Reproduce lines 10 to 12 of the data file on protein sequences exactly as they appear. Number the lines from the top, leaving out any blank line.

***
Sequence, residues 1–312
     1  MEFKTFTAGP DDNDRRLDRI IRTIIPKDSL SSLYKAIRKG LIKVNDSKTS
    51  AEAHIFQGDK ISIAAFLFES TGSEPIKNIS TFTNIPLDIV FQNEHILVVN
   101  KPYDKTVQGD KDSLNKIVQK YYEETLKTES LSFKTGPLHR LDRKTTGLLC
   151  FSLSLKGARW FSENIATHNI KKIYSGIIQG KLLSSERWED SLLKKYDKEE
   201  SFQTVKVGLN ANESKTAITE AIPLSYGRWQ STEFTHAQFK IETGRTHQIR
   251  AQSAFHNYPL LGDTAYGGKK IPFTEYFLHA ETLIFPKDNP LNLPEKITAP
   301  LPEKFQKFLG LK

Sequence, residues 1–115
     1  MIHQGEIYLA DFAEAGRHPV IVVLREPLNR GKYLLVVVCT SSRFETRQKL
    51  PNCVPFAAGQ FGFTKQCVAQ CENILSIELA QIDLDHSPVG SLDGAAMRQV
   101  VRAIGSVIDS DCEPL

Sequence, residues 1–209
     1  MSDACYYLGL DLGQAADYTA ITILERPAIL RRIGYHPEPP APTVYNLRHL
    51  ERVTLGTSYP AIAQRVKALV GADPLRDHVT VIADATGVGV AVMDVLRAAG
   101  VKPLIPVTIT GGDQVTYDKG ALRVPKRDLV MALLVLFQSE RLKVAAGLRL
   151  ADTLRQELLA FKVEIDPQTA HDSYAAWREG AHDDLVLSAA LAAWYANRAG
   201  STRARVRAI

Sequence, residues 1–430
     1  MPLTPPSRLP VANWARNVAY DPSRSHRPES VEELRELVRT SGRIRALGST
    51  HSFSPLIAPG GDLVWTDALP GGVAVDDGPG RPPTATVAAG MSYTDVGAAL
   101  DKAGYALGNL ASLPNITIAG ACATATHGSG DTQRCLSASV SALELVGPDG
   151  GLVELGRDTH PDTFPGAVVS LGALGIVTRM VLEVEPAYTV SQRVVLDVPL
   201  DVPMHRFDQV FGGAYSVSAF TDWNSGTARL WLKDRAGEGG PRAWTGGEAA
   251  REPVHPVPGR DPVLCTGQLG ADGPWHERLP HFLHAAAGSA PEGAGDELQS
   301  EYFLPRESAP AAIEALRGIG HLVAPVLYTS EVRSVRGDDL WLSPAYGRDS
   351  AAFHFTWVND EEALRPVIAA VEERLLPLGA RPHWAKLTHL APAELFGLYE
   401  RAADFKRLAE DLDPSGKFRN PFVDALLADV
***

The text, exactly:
     1  MIHQGEIYLA DFAEAGRHPV IVVLREPLNR GKYLLVVVCT SSRFETRQKL
    51  PNCVPFAAGQ FGFTKQCVAQ CENILSIELA QIDLDHSPVG SLDGAAMRQV
   101  VRAIGSVIDS DCEPL